I wasn't sure what the trail name was. So I looked for signs and landmarks as I went down. When I got to the bottom, it wasn't too obvious where the patrol shed is. So I stopped one of the ski host. She pulled out a map so I could point out approximately where the injury was. She said she would contact the ski patrol.

And I went in for my early lunch. It was 11:35.

People were still streaming out of the lodge in waves. So I easily found a table where a family was just about finish booting up (at 11:40!). The line for soup was like 10 people and was moving rather slowly. I decided I didn't need the soup that badly. I ate my sandwich, apple, hot chocolate and drank tons of water (what's the deal with Wildcat water? It's rusty color out of the hot water!)

Another family came in to share the table. They reported the lower mountain had the best condition as the wind had deposited the loose powder on Bobcat, Cheetah and lower Wildcat.

Sure enough! Found good condition there. Also, more ropes were dropped so I tried those too. Though in general, the natural trails were really only barely covered. Lots of rocks underneath.

In the mean time, the wind seriously picked up, blasting snow around the mountain. Removing snow from some trail and filling it in on others (or even different side of the same trail). Witnessed my 2nd injury of the day. A young girl was holding her wrist next to a pile of snow, obviously she didn't see it and slid right into it. A whole family was with her. And passing skiers were asking if they could help. I suggest someone ski down to tell ski patrol to come take a look. Several volunteered. So I figure I can just go on my own way too.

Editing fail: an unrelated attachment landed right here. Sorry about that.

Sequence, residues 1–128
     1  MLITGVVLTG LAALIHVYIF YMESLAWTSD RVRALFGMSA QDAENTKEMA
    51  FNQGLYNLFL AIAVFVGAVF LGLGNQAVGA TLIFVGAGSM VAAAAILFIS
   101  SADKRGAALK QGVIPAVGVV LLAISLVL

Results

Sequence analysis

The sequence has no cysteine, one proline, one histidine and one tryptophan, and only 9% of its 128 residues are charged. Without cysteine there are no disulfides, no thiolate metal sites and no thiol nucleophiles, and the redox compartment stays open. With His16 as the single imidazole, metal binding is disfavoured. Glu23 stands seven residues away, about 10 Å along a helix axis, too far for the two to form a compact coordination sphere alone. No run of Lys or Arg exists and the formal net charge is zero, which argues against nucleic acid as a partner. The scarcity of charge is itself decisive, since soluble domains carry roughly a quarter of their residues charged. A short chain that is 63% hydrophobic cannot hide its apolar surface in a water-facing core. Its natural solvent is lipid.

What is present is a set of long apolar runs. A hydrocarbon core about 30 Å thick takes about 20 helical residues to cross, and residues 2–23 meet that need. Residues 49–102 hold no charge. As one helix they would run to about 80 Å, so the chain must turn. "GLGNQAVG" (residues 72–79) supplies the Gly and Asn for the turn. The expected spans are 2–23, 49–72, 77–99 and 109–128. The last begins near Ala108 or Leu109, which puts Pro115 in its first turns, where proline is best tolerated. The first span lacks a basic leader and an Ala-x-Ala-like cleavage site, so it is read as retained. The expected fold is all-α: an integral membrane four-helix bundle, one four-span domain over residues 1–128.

A few runs later, coming off Bobcat, I saw the line for the summit quad was beyond the corral again. But there's no one at the Bobcat triple. A quick sharp right, I went up the triple instead. It's a slower lift, took 10 minute to get to top of Bobcat/Cheetah/Lower Wildcat. But it's 10 minutes sitting on a chair going up vs 10 minutes standing in line for the summit quad. So I lapped the triple a few times.

Except by then, the cloud came in, making it hard to see the snow from slick ice. :(

I contemplated calling it a day. It's past 2. I've had good many runs.

But then, seeing the summit quad now almost empty of lines, I thought I'd go check out a couple other trails to see what the wind might have done to help or hurt those. Sure enough, I found newly refilled powder on a couple of them. OK, so much for calling it a day early. :grin:

Better still, the sun came back out! Now I could see the snow from the slick ice. I can hop from one patch of snow to the next. The "hunting" is almost as much fun as the actual surfing of powder! :grin:

I can see it'll be a day till the last chair. As the clock approaches 3, I started to "plan" my last run. Back on the summit quad, I found myself coming back near the base with around 3:15. If I take the quad again, I may or may not be able to be back down by 3:30. But if I take the triple, it's 10 min up and I knew I could come back down Bobcat in less than 5. That's what I did. Blasting from the bottom of Bobcat straight to the Summit quad with like 2 minutes to spare! :grin: